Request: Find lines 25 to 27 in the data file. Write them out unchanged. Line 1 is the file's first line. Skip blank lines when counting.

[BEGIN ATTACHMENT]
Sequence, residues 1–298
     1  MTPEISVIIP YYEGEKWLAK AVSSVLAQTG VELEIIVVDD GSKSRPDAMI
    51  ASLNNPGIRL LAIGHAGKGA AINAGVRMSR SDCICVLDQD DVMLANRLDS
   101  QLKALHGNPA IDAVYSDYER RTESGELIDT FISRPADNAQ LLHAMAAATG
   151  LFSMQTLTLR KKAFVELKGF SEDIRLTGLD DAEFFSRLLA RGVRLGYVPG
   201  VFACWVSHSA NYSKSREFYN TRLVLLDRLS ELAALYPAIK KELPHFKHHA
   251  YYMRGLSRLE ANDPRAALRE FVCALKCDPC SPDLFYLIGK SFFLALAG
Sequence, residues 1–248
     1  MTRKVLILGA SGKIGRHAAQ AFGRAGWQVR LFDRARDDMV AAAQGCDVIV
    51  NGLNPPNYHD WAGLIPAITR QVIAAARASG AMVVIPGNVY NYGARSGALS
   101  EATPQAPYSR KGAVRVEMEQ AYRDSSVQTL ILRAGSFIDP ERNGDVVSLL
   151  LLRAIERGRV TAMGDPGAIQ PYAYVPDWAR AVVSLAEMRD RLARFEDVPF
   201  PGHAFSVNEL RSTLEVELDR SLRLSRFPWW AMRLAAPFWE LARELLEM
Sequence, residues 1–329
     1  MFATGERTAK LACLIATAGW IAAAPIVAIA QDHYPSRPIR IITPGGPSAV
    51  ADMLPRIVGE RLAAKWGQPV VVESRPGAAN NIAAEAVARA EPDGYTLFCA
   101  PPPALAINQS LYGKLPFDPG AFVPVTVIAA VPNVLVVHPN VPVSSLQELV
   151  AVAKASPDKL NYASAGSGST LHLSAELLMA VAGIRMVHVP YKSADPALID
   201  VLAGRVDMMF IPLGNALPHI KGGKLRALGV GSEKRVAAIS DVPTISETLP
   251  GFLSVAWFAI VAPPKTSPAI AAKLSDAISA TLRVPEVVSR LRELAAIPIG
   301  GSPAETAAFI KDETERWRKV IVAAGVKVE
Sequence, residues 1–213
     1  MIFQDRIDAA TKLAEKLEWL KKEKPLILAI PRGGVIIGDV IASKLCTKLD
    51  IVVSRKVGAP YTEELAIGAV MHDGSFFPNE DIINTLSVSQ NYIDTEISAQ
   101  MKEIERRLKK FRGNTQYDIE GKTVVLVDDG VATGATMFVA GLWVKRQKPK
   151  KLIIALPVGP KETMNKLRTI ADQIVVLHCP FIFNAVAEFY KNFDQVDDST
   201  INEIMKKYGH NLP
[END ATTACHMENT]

   101  MKEIERRLKK FRGNTQYDIE GKTVVLVDDG VATGATMFVA GLWVKRQKPK
   151  KLIIALPVGP KETMNKLRTI ADQIVVLHCP FIFNAVAEFY KNFDQVDDST
   201  INEIMKKYGH NLP